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Transat CIC: Richomme still on course for IMOCA transatlantic double

Transat CIC

Yacht Racing Podcast

An approaching high pressure zone is ramping up the stress for the IMOCA leaders as they begin the final miles of the Transat CIC.

While the IMOCA race leader Yoann Richomme (PAPREC ARKÉA) was still making more than 20 kts this afternoon, a nerve racking slow down is still expected for the final miles to the finish of the Transat CIC solo race from Lorient to New York.

The winner of last Autumn’s solo race in the opposite direction, from Martinique to Lorient, Richomme may be on course to do the double on his first time ever sailing into New York, but in the light conditions which are forecast when a high pressure ridge imposes itself across the route into the finish line, anything could happen.

The 40 year old French ace has many times proven a level about his rivals – most recently on that Retour à la Base when he leveraged a small tactical hitch into a significant lead. But this time at 330 miles to the finish he can feel the hot breath of Germany’s Boris Herrmann (Malizia Seaexplorer) who is just 16 miles behind (or just over an hour at current speeds) and Britain’s Sam Davies (Initiatives Coeur) who is a further 40 miles behind her German rival.

With it being likely that if the shut down does occur overnight it will happen from the front, and the weather modelling is far from clear on this and the foiling IMOCAs will keep moving well in just 10 or 11 knots of breeze, then the international skippers Herrmann and Davies still have a fighting chance of victory, and one might add their names the last non French winners on this race which was started in England in 1960, Ellen MacArthur who won at the age of 23 into Newport in 2000 and Mike Golding who won into Boston in 2004.

When it was last sailed in 2016 it was won by Armel Le Cléac’h in a time of 12 days and 2 hours. This evening the timer is at 7 days and 3 hours with the winner expected within 24 hours at the line which is 110 miles offshore of New York.

“There is an anticyclone gradually filling in and is set to and taking up position between the finish line and the head of the fleet, with winds easing gradually” Francis Le Goff, Race Director. “This will prevents the skippers from sailing directly towards New York and will see them needing to gybes to find the best, making angles to the wind which is which is weakening until the finish line”.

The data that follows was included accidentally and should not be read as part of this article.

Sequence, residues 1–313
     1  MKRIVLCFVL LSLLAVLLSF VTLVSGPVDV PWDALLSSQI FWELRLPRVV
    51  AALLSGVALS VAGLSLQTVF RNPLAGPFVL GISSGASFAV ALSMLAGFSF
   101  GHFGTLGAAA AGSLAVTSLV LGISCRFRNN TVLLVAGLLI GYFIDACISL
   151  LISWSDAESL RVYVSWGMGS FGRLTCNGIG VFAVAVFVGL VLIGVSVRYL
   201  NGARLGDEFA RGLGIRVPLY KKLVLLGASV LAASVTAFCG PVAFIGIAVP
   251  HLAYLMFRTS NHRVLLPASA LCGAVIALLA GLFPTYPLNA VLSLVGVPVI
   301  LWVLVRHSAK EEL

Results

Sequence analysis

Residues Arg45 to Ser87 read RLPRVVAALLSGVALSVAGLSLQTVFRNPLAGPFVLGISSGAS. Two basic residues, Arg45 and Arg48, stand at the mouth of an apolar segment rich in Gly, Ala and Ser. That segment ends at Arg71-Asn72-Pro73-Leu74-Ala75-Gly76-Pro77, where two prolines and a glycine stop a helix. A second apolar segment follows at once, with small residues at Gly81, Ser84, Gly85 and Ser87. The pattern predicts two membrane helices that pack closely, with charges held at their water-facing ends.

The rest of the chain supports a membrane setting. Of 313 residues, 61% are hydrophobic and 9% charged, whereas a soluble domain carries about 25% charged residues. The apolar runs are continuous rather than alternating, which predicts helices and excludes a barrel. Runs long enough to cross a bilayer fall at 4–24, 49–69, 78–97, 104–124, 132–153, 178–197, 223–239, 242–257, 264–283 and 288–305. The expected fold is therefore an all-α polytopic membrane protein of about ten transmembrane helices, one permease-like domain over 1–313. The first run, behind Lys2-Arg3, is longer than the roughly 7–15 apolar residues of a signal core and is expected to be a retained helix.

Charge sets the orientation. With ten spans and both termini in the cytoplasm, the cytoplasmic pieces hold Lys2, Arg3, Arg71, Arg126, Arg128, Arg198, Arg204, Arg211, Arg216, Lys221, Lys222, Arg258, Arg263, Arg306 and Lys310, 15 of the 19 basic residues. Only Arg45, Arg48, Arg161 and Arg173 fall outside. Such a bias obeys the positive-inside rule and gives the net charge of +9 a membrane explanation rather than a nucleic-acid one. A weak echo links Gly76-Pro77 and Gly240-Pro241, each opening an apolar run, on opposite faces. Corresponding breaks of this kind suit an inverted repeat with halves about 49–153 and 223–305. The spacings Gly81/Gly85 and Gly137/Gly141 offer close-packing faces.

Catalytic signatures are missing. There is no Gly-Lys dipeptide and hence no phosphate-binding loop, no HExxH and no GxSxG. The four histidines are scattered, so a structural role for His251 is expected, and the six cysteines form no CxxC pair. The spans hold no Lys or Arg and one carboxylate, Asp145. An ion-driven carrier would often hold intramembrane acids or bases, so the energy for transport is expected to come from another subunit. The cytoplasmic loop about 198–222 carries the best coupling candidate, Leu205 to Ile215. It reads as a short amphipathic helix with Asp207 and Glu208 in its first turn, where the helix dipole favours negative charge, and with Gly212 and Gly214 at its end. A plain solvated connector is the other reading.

Winner of La Solitaire du Figaro twice, the annual solo multistage offshore event which is said to be the toughest test of solo offshore racing (as opposed to ocean racing) Richomme is an accomplished meteo strategist. Against him both Davies and Herrmann have done this race before and have probably ten or more times as many solo and crewed IMOCA ocean racing miles as Richomme.

“There is some downwind chess to do with a series of gybes. Yoann is already on his third. The boats will pass each other according to the shifts of the wind, with possible gains especially as the weather really is not well modelled. For sure the podium is not decided even if Yoann has a small advantage”, observes Le Goff.

Elsewhere in the IMOCA class Clarisse Crémer (L’Occitaine en Provence) was arriving in the Azores where she will be met by her team to evaluate and make repairs to her damaged bulkhead. And Ollie Heer has been struggling to deal with a power failure on Oliver Heer Ocean Racing. Britain’s James Haryada on Gentoo Sailing Team continues his solid performance in 19th despite losing the use of his port foil.

Under 1000 miles

Led by Ambrogio Beccaria on Alla Grande Pirelli, the top Class 40s have now reached the symbolic 1000 miles to the finish. They are sailing downwind in 35 knots of wind with gusts to 40 knots, conditions which are not usual according to Francis Le Goff . Making speeds worthy of an IMOCA – 19-21 knots – Beccaria is on fire on his Musa 40.

He said today “This morning we changed season, it is f++king cold, super, super cold and I was very very tired last night. But the boat is going quite fast on its own and so it does not need so, so much attention from me, so I am trying to rest and work out the best scenarios for me to arrive in New York, where I want to be ahead of Ian and Fabien.

“I like my position. I am quite in control, this is how I feel now. I feel there is a lot of current that I don’t really know that well, I have a chart but I don’t know how precise it is, but yes it is super cold.”

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